Originally Posted By Maxim_Mag:

Originally Posted By SP1Grrl:
Wow, I can't imagine. The 'breaking ribs' part gave me the willies.



You can't even imagine. It feels like nothing I have the verbal capacity to explain, but once you feel it, you'll never forget what it feels like. (shuddering), Creepy



It's sort of muffled, wet crunch - like the worst knuckle-popping you've ever felt but not as loud, but even that description doesn't do it justice... and it happens much more often during CPR than most folks realize.

(I worked my way through undergrad working nights in the ER/Trauma Unit of a large urban hospital, often was the largest [or only] guy on hand, and always got stuck doing compressions... )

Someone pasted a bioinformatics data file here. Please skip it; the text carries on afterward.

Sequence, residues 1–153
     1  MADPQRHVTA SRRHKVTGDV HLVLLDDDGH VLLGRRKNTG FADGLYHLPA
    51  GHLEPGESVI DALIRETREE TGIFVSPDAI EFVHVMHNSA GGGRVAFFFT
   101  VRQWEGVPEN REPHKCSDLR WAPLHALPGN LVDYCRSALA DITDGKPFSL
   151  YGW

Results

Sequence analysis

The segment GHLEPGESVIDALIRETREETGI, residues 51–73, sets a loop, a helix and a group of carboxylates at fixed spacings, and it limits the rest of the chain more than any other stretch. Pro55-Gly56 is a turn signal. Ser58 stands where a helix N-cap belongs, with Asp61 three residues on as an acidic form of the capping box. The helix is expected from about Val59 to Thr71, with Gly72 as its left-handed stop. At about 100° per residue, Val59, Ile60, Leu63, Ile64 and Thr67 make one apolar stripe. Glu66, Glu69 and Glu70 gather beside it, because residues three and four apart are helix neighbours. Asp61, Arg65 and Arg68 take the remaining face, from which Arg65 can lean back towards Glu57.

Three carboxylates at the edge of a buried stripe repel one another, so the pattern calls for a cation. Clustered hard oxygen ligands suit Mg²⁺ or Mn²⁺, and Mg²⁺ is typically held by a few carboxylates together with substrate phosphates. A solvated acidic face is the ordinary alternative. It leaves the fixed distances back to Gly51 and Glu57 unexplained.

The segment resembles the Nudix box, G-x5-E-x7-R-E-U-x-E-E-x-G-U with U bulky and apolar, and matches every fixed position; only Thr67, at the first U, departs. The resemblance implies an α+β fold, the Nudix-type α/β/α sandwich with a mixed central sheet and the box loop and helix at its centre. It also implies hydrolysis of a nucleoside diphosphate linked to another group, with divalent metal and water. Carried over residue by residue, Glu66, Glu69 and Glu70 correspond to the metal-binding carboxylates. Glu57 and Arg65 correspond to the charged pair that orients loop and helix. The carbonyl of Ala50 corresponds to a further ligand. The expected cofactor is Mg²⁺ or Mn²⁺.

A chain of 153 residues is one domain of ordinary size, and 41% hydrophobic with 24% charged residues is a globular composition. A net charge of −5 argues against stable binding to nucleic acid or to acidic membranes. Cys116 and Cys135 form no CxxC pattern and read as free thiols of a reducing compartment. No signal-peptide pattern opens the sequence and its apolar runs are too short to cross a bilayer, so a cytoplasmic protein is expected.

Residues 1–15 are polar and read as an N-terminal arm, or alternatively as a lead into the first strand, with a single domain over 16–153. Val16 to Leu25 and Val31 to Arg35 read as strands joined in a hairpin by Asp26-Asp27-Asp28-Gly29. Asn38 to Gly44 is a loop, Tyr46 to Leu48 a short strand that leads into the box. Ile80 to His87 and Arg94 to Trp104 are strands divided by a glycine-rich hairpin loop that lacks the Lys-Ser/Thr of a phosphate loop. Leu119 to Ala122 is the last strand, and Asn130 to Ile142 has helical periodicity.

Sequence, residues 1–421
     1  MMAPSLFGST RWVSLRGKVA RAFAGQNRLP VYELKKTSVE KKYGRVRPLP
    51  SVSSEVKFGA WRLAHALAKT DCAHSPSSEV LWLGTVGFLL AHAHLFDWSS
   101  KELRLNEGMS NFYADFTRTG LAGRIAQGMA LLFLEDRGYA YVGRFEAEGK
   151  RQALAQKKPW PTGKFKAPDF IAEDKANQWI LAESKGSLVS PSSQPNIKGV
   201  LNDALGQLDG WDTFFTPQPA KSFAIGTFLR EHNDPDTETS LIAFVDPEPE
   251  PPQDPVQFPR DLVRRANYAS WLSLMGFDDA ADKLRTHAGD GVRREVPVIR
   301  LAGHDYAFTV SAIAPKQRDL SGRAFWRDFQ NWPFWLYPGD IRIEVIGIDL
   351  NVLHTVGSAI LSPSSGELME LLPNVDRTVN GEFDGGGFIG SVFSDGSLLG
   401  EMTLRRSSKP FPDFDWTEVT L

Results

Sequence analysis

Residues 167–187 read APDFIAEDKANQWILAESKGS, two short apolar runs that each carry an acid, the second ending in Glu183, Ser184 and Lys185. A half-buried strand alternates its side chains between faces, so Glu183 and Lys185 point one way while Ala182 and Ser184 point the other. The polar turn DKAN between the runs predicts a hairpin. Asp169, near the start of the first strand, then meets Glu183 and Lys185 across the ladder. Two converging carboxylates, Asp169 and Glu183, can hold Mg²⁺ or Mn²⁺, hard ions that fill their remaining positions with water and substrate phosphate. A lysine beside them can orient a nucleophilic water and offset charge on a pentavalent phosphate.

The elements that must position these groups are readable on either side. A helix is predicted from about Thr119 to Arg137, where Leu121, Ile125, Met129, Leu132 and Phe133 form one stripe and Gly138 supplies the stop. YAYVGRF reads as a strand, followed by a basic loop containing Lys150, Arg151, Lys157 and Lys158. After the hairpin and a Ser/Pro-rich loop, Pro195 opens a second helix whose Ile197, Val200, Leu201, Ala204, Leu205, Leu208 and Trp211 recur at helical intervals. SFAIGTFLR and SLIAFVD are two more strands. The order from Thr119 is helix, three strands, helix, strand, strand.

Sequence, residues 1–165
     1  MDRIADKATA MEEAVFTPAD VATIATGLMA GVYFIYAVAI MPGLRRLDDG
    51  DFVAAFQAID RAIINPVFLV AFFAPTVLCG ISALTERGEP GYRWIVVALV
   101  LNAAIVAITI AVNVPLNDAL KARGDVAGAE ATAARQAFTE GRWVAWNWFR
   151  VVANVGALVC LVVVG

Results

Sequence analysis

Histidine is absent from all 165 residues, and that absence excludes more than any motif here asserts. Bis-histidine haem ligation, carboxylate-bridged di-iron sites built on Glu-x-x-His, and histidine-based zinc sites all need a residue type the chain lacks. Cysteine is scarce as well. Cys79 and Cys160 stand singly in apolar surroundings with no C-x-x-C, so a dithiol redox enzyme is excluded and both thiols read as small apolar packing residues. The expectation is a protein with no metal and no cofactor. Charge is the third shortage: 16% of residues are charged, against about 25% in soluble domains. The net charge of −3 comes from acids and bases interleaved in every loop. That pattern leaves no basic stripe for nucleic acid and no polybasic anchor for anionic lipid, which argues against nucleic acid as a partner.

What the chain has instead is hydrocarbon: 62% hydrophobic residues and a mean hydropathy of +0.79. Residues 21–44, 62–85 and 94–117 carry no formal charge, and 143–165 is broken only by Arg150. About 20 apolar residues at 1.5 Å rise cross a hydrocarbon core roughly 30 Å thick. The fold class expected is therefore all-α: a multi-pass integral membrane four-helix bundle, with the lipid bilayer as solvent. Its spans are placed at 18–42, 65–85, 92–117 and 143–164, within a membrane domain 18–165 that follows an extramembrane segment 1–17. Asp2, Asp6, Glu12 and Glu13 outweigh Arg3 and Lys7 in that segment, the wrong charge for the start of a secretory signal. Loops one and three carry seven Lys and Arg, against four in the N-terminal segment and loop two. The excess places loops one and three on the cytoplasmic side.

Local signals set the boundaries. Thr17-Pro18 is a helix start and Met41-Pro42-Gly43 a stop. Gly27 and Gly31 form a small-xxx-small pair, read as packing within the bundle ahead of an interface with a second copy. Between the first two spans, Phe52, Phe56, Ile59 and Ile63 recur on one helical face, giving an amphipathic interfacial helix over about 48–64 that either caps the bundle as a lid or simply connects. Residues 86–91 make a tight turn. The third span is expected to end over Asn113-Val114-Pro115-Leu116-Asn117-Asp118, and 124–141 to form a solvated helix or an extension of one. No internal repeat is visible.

Link Posted: 9/27/2005 9:51:06 AM EDT
Link Posted: 9/27/2005 9:53:58 AM EDT

Originally Posted By TheRedGoat:
...but I was hoping he would not make it. Broken chest would make his next few years painful at best.

Rest in peace, Old Fella, was my thoughts...

TRG



They're looking at changing how we can call codes in the field soon (here at least). That should eliminate some unnecessary chest thumping.
Link Posted: 9/27/2005 9:55:05 AM EDT